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ePlasty: Vol. 16
Severe Bilateral Lower Extremity Pyoderma Gangrenosum
Jake Laun, MDa, Joshua B. Elston, MDa, Michael A. Harrington, MD,a and Wyatt G. Payne, MDb

aDivision of Plastic Surgery, Department of Surgery, University of South Florida Morsani College of Medicine, Tampa; and bC.W. Bill Young Bay Pines VA Medical Center, Bay Pines, Fla

Correspondence: This e-mail address is being protected from spambots. You need JavaScript enabled to view it
Keywords: pyoderma gangrenosum, pathergy, wound, lower extremities, TNF-α inhibitors
Figure 1. Severe bilateral lower extremity wounds that had progressed over months despite aggressive wound care and medical management with immunomodulators and steroids.
Figure 2. After conservative debridement of all necrotic material on the bilateral lower extremities. Multiple tendons are noted in the bilateral lateral compartments of the legs, with beefy-appearing proud tissue noted at the wound margins.
Figure 3. Straight down view demonstrating involvement of bilateral lower extremities with exposed tendons.


A 78-year-old man with a history of ulcerative colitis presented with progressive bilateral lower extremity wounds causing severe pain preventing ambulation. After excluding other possible diagnoses through various testing and biopsy, the presumptive diagnosis of pyoderma gangrenosum (PG) was suspected despite the patient's history of failing prednisone and infliximab therapy.


1. What is PG?

2. How does PG present?

3. How is PG diagnosed?

4. How is PG treated and what is the role of surgery in its management?


Pyoderma gangrenosum is a rare, poorly understood disease characterized by expansive ulcerating cutaneous lesions. Occurring in approximately 1:100,000, it is mainly observed in young to middle-aged individuals, with a female predominance; however, it may affect people of all ages.1,2 Pyoderma gangrenosum is associated with autoimmune disorders such as inflammatory bowel disease (IBD), rheumatoid arthritis, as well as neutrophilic dysregulation disorders such as Sweet's or Behcet's syndrome 50% to 70% of the time.1,3,4 Of note, PG can also appear as a paraneoplastic process in those with myeloproliferative malignancies.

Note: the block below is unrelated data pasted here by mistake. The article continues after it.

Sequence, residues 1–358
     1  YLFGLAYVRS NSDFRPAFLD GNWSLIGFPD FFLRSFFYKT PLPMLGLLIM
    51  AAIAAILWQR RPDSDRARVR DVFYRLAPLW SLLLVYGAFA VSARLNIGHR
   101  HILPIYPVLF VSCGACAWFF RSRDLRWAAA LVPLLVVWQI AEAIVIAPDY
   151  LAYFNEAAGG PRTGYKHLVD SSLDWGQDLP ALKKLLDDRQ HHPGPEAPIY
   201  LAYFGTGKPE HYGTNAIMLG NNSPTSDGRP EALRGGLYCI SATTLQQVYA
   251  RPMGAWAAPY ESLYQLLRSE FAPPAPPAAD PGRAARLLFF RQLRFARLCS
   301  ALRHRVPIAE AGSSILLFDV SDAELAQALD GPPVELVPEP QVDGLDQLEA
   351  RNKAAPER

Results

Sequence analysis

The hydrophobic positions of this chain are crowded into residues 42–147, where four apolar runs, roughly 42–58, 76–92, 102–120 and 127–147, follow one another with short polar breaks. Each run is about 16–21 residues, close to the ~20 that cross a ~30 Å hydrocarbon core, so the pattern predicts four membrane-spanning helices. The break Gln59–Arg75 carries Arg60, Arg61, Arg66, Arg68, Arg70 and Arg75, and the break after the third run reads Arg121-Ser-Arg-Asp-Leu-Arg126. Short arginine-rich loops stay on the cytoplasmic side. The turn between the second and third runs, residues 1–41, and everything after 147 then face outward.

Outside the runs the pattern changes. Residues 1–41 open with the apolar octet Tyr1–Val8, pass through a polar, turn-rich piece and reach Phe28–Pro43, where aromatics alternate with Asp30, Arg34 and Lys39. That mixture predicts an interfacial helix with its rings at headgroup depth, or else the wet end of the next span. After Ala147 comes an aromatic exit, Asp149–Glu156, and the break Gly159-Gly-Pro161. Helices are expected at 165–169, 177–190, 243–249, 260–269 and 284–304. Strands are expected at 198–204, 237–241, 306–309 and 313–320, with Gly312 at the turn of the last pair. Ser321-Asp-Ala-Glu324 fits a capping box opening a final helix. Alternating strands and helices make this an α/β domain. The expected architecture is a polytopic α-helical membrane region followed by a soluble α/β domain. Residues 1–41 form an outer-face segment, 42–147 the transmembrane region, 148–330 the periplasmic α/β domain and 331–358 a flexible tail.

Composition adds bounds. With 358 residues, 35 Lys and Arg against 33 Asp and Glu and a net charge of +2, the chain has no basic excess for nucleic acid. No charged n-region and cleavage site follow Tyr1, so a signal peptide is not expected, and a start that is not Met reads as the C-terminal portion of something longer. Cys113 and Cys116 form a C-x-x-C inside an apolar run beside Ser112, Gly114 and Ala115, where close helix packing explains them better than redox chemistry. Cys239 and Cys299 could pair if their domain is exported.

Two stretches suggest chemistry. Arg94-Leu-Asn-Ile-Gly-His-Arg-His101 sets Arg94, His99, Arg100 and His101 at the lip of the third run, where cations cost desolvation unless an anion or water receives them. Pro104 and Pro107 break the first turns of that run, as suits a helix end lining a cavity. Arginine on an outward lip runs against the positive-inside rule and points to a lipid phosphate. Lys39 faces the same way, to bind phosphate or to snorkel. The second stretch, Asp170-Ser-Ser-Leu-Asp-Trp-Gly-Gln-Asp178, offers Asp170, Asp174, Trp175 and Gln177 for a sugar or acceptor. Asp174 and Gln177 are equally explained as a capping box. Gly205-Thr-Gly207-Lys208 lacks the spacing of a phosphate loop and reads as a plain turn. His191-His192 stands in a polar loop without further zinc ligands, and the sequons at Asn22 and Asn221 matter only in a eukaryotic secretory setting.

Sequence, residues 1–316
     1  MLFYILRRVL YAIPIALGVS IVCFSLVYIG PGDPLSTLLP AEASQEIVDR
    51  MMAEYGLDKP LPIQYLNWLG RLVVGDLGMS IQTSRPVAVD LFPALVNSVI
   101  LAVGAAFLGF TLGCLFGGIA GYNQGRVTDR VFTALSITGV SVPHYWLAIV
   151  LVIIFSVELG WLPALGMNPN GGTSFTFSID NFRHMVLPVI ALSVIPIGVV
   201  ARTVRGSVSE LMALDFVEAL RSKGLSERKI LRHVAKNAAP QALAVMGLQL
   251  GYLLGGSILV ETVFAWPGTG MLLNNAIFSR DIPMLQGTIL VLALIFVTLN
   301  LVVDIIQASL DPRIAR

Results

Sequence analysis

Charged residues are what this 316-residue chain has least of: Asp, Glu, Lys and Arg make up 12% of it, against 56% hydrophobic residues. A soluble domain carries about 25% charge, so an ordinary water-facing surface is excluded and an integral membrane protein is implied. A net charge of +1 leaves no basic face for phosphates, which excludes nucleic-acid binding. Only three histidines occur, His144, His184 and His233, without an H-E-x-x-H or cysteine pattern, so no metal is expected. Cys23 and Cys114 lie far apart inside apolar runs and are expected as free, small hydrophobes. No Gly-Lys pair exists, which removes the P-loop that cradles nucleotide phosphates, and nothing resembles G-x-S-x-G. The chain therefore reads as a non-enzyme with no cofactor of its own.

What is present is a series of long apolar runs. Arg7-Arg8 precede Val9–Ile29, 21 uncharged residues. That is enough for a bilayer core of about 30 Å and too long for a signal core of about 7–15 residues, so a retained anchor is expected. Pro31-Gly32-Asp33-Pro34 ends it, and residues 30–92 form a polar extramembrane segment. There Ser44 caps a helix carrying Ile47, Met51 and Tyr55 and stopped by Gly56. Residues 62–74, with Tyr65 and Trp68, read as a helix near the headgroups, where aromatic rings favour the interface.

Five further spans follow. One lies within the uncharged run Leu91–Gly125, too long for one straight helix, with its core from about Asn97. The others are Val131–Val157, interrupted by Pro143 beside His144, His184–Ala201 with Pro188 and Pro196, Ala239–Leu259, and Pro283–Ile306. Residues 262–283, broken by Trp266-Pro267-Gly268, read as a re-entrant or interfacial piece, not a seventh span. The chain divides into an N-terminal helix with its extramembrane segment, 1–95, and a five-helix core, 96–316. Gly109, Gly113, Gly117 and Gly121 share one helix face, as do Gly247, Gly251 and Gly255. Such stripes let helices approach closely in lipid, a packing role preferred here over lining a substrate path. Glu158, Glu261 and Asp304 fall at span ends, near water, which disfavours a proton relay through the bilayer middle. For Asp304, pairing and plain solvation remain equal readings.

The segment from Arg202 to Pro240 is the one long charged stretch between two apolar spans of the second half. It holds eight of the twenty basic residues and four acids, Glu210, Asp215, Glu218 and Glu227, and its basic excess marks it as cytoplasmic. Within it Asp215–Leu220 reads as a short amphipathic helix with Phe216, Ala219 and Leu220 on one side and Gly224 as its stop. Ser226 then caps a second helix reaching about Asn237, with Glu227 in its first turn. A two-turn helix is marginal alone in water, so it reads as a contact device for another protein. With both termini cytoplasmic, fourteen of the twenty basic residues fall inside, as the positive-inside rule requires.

Pyoderma gangrenosum usually starts as a small, sterile inflammatory nodule or pustule at the site of minor trauma, which transforms into an ulcerative lesion.3 The most common location is in the pretibial region, but it may occur anywhere.1 Pyoderma gangrenosum may also be associated with systemic constitutional symptoms due to the elevation of IL-1B and the promotion of the inflammatory cascade.1 It can extend in a symmetric or asymmetric manner or by developing satellite lesions at sites of trauma (Fig 1).3 This process, known as pathergy, is one of the reasons why immune system dysregulation, specifically regarding neutrophils, is believed to be part of the pathophysiology.

Pyoderma gangrenosum is mainly diagnosed clinically, as there is currently no laboratory test specific to the disease and it is often a diagnosis of exclusion. Misdiagnosis is common due to its various presentations and ability to resemble other diseases such as infection, vasculitis, diabetes, or traumatic ulcers. The diagnostic workup should include a cutaneous biopsy, especially of the border of the ulcer. Malignancy and vasculitis can quickly be excluded, as PG has no specific diagnostic features on histopathology.1 Workup should include a rheumatologic panel including an antinuclear antibody and antineutrophil cytoplasmic antibodies to screen for IBD or autoimmune conditions, and a colonoscopy may be useful to evaluate for IBD.